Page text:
I graduated from Edinburgh University and art college in the 70s, failed dismally to find any (paid) job in the arts world and, fed up with five years of abject poverty, sold out to the (then fledgling) IT industry for 27 years.
Seven years ago I had an epiphany, and enrolled in a ceramics course at Hornsby TAFE. I’m still there!
The work I produce is primarily sculptural and non functional. I use clay to realise the creatures of my imagination. I seek inspiration in everything around me, animals, art, literature even politicians! My main interest is in the figurative, both human and animal, realistic and mythical. I relate to works which express emotions and feelings. I like the unconventional, the quirky, works whose title incorporates a play on words, and, if I can provoke a reaction in the beholder, then I feel I have succeeded.
While I like the idea of eating and drinking from beautifully thrown vessels, making functional ware has absolutely no appeal for me .
The title I have chosen for my upcoming exhibition at Hornsby TAFE is a quote from Lewis Carroll, “Curiouser and Curiouser”, and is a reference not only to wonderful images that reading Carroll’s works conjures up but to the quirky nature of my anthropomorphic rabbits and other creatures. I love the way that animals can mimic human behaviour and emotions and I feel again that I have to mention the one ceramic artist whose work I admire the most, the American sculptor, Beth Cavener Stichter. Checkout her website, www.followtheblackrabbit.com. It’s amazing! At one point she was scheduled to give a workshop at ANU, which I had made up my mind to attend, but for quite some time now, it has been on hold. Another casualty of the GFC?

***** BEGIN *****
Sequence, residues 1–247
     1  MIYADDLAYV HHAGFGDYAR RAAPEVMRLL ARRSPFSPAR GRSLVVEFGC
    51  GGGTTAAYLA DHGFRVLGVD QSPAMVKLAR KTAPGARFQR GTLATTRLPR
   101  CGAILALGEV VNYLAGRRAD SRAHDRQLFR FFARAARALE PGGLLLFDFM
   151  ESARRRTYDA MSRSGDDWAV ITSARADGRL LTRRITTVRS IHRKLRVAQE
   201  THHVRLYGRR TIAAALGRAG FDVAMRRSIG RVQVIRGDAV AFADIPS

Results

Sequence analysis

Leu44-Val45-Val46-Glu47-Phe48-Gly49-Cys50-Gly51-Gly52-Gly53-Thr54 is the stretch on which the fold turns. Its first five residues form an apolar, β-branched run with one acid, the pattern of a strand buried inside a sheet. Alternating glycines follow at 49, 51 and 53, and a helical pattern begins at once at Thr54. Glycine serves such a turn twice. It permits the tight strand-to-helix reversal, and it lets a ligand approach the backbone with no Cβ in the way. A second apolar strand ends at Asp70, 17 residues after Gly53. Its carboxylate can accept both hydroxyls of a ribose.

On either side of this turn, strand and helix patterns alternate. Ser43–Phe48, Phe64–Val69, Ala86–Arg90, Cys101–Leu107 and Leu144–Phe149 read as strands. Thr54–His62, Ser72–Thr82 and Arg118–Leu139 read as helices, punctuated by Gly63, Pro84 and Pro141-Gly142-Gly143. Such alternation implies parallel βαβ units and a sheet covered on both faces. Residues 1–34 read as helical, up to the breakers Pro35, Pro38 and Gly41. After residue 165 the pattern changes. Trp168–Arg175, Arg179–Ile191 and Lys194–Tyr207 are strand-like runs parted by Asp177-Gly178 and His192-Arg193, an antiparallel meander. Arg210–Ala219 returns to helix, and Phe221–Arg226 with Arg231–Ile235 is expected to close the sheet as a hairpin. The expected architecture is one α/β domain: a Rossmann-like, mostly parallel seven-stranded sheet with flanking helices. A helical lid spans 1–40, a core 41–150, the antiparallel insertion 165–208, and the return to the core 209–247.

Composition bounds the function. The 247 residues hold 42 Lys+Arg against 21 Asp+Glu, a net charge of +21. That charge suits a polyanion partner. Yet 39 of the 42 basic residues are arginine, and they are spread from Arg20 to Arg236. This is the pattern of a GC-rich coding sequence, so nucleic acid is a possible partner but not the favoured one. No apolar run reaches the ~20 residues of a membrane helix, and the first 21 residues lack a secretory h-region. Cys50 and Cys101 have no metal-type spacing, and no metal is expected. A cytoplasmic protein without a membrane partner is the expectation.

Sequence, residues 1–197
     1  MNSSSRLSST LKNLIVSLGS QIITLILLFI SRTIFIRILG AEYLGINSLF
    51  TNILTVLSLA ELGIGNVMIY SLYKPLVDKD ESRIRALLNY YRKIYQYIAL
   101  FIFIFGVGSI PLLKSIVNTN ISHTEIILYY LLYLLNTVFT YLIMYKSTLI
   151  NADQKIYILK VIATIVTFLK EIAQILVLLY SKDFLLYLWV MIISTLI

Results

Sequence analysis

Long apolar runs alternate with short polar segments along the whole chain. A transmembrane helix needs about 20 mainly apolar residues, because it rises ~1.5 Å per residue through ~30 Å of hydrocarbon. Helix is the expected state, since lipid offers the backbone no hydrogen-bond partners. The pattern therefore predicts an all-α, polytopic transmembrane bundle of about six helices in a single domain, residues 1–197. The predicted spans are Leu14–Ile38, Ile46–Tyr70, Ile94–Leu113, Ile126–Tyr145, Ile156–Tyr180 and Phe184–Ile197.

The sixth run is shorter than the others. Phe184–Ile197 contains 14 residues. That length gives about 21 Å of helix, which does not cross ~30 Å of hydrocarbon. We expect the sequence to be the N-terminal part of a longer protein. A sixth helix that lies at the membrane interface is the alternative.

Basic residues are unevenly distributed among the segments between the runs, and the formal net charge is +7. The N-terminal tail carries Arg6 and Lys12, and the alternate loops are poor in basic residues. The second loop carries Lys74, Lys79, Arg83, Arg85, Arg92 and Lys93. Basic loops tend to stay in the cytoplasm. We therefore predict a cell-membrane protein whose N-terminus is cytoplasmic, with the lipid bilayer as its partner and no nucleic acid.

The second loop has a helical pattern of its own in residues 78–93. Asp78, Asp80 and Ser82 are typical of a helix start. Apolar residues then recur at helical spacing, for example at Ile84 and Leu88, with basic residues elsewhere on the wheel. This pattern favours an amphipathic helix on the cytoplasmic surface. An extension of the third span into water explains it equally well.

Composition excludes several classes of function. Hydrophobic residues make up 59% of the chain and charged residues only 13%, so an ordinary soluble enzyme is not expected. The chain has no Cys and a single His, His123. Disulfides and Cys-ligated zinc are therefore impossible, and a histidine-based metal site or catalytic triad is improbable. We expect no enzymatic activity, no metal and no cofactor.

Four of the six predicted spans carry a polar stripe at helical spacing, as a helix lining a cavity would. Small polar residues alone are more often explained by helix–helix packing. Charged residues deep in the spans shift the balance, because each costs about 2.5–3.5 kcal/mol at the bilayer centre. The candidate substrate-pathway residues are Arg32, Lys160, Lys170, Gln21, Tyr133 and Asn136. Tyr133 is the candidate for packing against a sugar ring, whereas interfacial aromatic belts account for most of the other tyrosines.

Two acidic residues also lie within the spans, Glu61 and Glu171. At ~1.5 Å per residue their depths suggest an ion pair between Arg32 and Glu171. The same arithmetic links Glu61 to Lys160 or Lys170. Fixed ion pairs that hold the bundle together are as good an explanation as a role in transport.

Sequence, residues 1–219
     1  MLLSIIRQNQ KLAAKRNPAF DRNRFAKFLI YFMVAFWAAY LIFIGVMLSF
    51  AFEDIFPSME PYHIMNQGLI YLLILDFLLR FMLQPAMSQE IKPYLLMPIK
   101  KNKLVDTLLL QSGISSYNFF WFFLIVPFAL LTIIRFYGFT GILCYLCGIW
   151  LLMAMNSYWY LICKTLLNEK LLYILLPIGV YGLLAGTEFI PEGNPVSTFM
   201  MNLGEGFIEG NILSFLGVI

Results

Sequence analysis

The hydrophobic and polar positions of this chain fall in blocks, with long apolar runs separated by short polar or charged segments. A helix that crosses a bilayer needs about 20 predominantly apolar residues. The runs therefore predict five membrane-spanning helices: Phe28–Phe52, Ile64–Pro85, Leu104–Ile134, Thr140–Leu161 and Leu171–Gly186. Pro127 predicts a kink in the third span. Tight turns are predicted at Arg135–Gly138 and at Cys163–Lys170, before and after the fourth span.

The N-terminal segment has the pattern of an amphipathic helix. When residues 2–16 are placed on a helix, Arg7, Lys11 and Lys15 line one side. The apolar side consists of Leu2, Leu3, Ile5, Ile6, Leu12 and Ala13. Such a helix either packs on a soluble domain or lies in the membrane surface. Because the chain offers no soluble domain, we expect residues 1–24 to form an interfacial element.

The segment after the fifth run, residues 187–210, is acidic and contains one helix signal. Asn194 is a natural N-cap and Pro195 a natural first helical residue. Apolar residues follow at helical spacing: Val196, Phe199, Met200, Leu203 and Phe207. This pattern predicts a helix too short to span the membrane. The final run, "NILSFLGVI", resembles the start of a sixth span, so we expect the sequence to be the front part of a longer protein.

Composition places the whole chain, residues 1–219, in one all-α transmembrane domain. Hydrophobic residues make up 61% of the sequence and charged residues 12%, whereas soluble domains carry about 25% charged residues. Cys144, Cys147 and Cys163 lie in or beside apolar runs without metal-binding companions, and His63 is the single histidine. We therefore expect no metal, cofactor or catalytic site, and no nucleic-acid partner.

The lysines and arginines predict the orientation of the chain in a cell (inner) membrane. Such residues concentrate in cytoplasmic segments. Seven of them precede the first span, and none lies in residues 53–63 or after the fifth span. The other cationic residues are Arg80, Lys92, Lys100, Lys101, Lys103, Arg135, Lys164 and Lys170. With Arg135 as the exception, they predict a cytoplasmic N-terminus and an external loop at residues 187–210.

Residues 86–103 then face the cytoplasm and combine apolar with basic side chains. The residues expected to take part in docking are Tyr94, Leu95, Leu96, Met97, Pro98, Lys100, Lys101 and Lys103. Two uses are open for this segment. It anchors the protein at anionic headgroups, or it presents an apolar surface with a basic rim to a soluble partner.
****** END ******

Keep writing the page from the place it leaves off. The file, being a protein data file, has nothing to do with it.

I also admire the way she has made it on the contemporary art scene without compromising the use of clay as her medium. I do feel that in sculptural circles, ceramic sculpture suffers in the traditional artistic hierarchy. I am not sure what would constitute the apex but certainly marble carving and bronze cast work are right up there while ceramic sculpture is way down the list. I find this somewhat ironic since most contemporary bronze work is first modelled in clay, at which point the sculptor’s active involvement in the artistic process ceases and the work is handed over to be professionally cast in a foundry. So surely the clay work is the most immediate and representative of the hand of the artist.
Having said that though, I don’t want to sound as if I take myself and my work too seriously. My sculptures are meant to be enjoyed. In that spirit, I add here some of my latest works. Hopefully any lover of Lewis Carroll will recognise them:)